Social Security Disability Insurance Becomes Subject of Reform

Small changes to Social Security Disability Insurance (SSDI) are expected, but are just not going to be enough, according to U.S. Senators James Lankford (R-Oklahoma) and Joe Manchin (D-West Virginia). In a letter they wrote last week, the alterations in the budget agreement constructed last year will only be like “band-aids” for the program’s fiscal problems. The senators argue that fundamental changes need to be made in order to provide a system that will help those in need.

Those in agreement with Senators Lankford and Manchin believe some of the issues with SSDI are fraud, overpayment, the weaknesses of the application process, and the relationship between SSDI benefits and other federal programs in place. Supporters of this view believe the remedies for these issues include the reorganization of the determination process to be more efficient and accurate, and recipients of SSDI could be given more support to find other sources of income and employment. Furthering this view, the Social Security Trustees stated that “reallocation of resources in the absence of substantive reforms might, on the other hand, serve to delay DI (Disability Insurance) reforms and much needed corrections for OASDI (Old Age, Survivor and Disability Insurance) as a whole.”

Others point to how the U.S. government has historically “borrowed” money from Social Security without paying it back. It is reported that former President George W. Bush withdrew approximately $708 billion from the Social Security Trust Fund while he was in office and it has not yet been replenished. Additionally, the trust fund is managed by the Department of the Treasury by investing in special issue government bonds. Some question if the government can make good on these bonds, which if cashed in, may lead to social security solvency.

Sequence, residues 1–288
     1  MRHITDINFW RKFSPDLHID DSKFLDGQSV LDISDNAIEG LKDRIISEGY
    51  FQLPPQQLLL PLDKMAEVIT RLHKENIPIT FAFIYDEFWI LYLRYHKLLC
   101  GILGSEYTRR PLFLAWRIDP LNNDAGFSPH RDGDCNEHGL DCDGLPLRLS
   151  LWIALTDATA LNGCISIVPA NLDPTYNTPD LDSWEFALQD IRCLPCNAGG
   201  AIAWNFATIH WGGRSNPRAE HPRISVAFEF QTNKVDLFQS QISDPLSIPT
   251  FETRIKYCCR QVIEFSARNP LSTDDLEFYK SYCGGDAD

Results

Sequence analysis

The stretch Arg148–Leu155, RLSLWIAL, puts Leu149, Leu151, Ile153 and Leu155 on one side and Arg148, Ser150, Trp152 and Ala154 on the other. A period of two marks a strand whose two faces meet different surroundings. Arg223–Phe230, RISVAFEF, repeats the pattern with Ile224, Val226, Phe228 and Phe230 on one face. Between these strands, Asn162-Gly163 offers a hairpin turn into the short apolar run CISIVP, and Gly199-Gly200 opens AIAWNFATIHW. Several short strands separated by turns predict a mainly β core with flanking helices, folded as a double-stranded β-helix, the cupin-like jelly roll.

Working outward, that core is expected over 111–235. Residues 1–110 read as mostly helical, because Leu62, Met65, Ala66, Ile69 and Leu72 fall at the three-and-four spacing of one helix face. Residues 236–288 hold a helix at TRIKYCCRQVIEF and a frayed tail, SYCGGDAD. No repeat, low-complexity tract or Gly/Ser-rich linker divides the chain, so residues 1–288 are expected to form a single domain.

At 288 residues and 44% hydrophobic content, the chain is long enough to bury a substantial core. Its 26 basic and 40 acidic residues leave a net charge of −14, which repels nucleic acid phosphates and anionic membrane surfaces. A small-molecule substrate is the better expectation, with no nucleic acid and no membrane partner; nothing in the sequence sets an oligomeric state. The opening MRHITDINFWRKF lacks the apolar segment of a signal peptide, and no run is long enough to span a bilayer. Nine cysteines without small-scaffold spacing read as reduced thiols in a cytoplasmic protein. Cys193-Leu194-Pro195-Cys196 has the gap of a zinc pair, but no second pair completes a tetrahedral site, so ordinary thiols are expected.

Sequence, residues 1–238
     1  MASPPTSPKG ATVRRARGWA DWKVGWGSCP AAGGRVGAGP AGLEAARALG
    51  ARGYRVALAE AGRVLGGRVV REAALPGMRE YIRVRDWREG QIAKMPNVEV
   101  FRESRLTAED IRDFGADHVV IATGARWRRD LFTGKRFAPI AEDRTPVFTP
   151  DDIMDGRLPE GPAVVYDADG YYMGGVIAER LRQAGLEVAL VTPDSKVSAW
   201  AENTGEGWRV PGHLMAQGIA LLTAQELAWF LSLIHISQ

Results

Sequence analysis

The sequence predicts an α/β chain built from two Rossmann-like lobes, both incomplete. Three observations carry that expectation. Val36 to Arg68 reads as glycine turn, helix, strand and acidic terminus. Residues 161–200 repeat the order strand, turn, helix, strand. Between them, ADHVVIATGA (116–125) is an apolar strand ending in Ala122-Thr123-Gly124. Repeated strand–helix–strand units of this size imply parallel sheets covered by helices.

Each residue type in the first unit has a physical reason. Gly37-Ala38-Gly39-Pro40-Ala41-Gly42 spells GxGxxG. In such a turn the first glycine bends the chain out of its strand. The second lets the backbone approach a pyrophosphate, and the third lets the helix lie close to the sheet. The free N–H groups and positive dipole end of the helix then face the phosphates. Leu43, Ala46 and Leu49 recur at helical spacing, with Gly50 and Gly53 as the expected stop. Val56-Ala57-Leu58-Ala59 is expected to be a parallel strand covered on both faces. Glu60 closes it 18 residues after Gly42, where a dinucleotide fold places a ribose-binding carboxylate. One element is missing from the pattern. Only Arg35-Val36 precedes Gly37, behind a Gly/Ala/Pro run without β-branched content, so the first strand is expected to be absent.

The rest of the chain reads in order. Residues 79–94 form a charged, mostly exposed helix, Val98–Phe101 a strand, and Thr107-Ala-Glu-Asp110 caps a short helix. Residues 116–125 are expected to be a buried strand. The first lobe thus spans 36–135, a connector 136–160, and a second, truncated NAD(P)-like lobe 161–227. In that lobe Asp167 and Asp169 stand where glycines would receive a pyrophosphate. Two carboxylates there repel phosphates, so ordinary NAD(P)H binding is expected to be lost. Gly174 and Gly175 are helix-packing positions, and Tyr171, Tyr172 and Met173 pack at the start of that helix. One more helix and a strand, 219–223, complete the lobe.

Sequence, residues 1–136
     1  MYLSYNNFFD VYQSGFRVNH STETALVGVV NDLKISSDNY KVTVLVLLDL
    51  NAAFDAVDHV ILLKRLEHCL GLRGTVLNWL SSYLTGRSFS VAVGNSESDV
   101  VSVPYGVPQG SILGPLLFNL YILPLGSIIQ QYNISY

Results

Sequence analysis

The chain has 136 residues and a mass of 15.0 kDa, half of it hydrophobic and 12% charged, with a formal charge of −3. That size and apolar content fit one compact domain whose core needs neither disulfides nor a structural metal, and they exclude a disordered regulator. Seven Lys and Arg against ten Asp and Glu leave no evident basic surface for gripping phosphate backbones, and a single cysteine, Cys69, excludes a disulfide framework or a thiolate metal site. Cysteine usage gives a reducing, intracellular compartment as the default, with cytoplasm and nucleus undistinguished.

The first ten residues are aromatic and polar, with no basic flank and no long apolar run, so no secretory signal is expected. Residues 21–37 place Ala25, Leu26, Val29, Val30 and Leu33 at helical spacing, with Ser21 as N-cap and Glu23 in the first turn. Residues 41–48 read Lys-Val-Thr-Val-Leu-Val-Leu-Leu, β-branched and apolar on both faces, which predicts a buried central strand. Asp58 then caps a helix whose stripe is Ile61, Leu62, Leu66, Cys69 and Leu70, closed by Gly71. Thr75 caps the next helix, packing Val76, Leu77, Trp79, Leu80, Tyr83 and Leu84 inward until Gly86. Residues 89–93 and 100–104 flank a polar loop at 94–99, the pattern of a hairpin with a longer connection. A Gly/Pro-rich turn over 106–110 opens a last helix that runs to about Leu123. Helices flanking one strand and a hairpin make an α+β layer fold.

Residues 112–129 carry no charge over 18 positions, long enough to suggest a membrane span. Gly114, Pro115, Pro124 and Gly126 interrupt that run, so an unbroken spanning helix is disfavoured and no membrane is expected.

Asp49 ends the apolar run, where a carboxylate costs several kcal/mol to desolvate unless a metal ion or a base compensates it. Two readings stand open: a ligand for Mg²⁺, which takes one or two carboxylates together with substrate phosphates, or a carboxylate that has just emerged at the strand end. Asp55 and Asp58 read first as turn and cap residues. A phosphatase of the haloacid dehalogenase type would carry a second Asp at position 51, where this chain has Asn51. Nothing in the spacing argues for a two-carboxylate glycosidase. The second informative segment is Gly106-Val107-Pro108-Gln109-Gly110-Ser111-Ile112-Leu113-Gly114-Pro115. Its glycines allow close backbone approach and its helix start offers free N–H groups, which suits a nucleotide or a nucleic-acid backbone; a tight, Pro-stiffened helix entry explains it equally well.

Additional ideas on how to improve solvency with the Social Security Trust Fund include increasing social security taxes (from the current 6.2%), lifting the payroll cap (so that social security taxes apply to total income instead of the current $118,500.00), raising the retirement age (67 for people born after 1959), and a means-test phasing out retirees depending on their income.

The issue of probable insolvency is of concern to residents of New York in addition to the already daunting application process. Approximately fifty-seven percent of New York disability claims are denied by the Social Security Administration. Once there is a denial, an applicant in New York moves on to the hearing stage, directly bypassing a reconsideration request. In most states a reconsideration request is the first step after the initial denial. A “reconsideration” is a request for a claims examiner at Disability Determination Services to review the denial. This step has been eliminated in the state of New York. Having the hearing, though, typically takes between 274 to 612 days. The timeframe depends on the applicant’s filing location. For example, in Brooklyn offices, the average is 274 days, whereas, in the Bronx office, the average is 532 days. In Jericho it is 284 days and in Queens it can be 370 days.

Considering the fiscal constraints facing the program, along with the length of the application process, it has never been more important to have an attorney assist you with disability benefits applications from the time of filing. The Law Offices of McIntyre, Donohue, Accardi, Salmonson, & Riordan, LLP handles social security and disability claims throughout the five boroughs of New York City, including Manhattan, Brooklyn, Queens, the Bronx, and Staten Island, in addition to both Nassau and Suffolk Counties on Long Island. For more information please call (866)-557-7500 or click here to speak with our office.